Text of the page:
GenSet Design Collaboration Produces Revolutionary New Switcher

In 2004, Union Pacific (UP) saw the need for a new generation of yard switchers and approached National Railway Equipment Company (NREC) of Dixmoor, Illinois to design one to fit their needs. Jim Wurtz, NREC’s Vice President of Sales and Marketing, has no doubts about how well they did the job.

“It will change the face of the railroads,” Wurtz said in an interview with G&FM.

The term “genset” is derived from “generator set,” referring to the pairing of a diesel engine and a generator. NREC’s genset locomotive, the N-ViroMotiveTM, uses one, two or three of these sets, depending on the tasks the locomotive is assigned to. The prototype switcher designed for Union Pacific was equipped with two engines, each able to provide a constant 700 horsepower. In production switchers, one genset is used in light duty units, two for heavy duty switchers and three are used in four axle branch line locomotives.

NREC’s gensets use a 19 liter Cummins diesel engine that shares technology with the diesels used in semi trucks. As Wurtz puts it, the engine has “a truck genealogy,” but was originally designed for electrical power generation. “Cummins had the only [EPA] Tier III certified non-road engines in the size we needed. We wanted a more robust engine for this unit than we could get anywhere else.”

“UP brought us their needs and we designed the unit to meet them. It’s a great example of a supplier and a customer working together,” Wurtz said.

One of UP’s problems—one they share with the other Class 1 railroads—is that their four axle locomotive fleet has changed little since the 1950s. Wurtz discussed the reason the fleets needed an update: “[Switcher] production effectively ceased in the mid-80s…For Class 1 railroads, the majority of capital [for power units] has been going to the six axle, 4400hp locomotives you see pulling long trains.” As a result, he says, switchers and branch line locomotives are typically “long in the tooth.” As increasing fuel prices push a greater share of freight business from the trucking industry to the railroads, more pressure is put on the four axle fleets.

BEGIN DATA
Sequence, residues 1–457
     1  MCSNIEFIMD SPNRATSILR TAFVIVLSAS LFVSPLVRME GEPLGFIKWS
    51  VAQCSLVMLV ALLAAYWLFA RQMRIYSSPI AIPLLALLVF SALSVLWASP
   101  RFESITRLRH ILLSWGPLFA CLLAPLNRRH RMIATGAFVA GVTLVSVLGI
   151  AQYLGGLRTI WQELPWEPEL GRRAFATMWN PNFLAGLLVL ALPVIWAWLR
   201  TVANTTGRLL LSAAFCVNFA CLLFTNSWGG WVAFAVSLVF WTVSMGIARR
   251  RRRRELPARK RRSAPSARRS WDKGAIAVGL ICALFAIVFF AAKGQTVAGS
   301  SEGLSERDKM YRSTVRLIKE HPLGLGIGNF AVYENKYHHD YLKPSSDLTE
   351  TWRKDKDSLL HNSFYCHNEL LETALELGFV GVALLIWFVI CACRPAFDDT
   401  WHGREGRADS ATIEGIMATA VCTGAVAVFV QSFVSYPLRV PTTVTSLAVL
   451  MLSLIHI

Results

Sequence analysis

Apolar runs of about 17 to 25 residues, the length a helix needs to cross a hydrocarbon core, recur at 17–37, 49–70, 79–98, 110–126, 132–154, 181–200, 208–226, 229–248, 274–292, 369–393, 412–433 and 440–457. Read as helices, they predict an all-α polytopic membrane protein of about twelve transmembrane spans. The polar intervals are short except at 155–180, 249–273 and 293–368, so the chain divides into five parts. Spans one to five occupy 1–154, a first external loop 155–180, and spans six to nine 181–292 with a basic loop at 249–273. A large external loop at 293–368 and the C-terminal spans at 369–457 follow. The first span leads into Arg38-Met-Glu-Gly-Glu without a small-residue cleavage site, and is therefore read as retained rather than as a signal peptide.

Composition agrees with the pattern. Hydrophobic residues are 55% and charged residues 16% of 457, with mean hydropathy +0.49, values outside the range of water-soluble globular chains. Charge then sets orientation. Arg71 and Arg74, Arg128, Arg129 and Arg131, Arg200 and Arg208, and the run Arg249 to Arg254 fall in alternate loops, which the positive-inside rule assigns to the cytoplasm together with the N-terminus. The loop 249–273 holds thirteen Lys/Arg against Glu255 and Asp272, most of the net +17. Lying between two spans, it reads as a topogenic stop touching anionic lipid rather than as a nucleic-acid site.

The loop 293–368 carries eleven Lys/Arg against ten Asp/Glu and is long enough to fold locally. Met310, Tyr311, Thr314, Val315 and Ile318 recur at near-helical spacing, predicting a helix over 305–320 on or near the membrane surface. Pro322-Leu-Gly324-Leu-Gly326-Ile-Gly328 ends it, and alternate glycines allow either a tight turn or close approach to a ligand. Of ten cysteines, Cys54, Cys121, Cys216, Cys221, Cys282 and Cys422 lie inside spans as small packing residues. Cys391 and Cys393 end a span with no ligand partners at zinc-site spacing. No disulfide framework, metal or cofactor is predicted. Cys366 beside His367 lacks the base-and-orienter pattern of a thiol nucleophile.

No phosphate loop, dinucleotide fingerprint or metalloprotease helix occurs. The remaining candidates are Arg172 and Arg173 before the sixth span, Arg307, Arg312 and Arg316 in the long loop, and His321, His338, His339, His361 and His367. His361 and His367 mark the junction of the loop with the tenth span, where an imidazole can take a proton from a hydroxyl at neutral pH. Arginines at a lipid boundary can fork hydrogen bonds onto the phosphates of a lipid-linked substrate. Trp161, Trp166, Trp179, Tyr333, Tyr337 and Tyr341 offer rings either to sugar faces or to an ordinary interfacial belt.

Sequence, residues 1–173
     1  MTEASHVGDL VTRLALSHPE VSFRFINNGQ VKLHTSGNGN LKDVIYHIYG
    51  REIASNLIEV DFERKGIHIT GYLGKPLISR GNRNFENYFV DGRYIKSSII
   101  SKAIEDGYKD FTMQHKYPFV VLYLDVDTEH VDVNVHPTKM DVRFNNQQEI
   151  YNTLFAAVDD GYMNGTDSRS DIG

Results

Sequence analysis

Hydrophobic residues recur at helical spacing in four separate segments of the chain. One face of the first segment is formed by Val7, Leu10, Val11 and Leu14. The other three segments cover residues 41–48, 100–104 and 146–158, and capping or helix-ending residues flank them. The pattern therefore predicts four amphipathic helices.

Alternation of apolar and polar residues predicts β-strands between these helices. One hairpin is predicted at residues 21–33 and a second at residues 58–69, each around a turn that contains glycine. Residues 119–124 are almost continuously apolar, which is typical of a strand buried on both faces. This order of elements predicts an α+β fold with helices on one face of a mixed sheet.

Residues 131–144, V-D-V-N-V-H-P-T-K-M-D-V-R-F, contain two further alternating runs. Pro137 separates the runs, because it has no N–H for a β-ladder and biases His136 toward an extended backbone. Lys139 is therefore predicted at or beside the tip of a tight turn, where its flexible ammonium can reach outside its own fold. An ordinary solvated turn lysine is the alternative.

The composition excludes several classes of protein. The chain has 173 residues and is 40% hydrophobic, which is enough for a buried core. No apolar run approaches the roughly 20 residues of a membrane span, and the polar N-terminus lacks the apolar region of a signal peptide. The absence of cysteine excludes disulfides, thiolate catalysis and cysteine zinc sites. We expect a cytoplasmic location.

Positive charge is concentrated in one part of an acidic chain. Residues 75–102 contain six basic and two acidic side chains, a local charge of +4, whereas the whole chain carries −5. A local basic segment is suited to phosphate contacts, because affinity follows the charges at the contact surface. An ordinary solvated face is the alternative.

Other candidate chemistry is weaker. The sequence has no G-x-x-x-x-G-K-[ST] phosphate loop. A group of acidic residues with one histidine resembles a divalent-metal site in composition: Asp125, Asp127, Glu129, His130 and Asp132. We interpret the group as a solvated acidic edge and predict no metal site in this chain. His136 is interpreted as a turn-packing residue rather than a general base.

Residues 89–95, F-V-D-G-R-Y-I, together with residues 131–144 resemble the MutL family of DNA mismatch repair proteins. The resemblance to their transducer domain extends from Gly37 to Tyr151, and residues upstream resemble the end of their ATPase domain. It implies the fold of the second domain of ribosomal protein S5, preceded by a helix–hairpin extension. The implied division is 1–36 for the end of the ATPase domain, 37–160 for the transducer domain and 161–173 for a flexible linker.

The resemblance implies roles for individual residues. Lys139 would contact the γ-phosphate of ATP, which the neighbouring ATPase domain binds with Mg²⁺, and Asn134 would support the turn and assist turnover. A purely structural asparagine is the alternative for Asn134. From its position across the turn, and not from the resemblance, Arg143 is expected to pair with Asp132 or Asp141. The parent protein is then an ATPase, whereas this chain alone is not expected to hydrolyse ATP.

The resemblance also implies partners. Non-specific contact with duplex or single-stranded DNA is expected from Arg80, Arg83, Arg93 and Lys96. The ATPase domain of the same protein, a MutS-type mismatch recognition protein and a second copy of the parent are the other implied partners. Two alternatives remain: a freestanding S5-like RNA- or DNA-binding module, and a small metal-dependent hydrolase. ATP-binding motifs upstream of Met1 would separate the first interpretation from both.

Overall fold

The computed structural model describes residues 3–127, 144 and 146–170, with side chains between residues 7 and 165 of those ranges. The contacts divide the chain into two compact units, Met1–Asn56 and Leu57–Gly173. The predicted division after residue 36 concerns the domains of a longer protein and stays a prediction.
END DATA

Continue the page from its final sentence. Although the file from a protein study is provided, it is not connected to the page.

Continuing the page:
Perhaps more urgent were environmental concerns. UP would need to comply with new emission targets set by the EPA and the California Air Resources Board (CARB) beginning this year, with another set of targets going into effect in 2007. Regulators had begun by requiring emissions reduction in cars, then in heavy duty trucks and lastly moving on to trains. “This was not a top concern just five years ago,” Wurtz said, but a combination of new laws and a desire to be better corporate citizens has convinced railroads to reassess their four axle fleets. Fortunately, NREC and other manufacturers will be able to benefit from the low emissions technology developed for tractor trailers.

The N-ViroMotiveTM includes a number of new features, each of which is a major improvement over the previous generation of switchers.

  • The switchers are remarkably quiet compared to traditional locomotives, sounding much like a tractor trailer. Wurtz noted that it’s possible for the operator to be in the cab with a single engine engaged and not be able to hear it running.
  • The N-ViroMotiveTM meets or exceeds all rail emission standards and is certified by CARB as an Ultra Low Emissions Locomotive.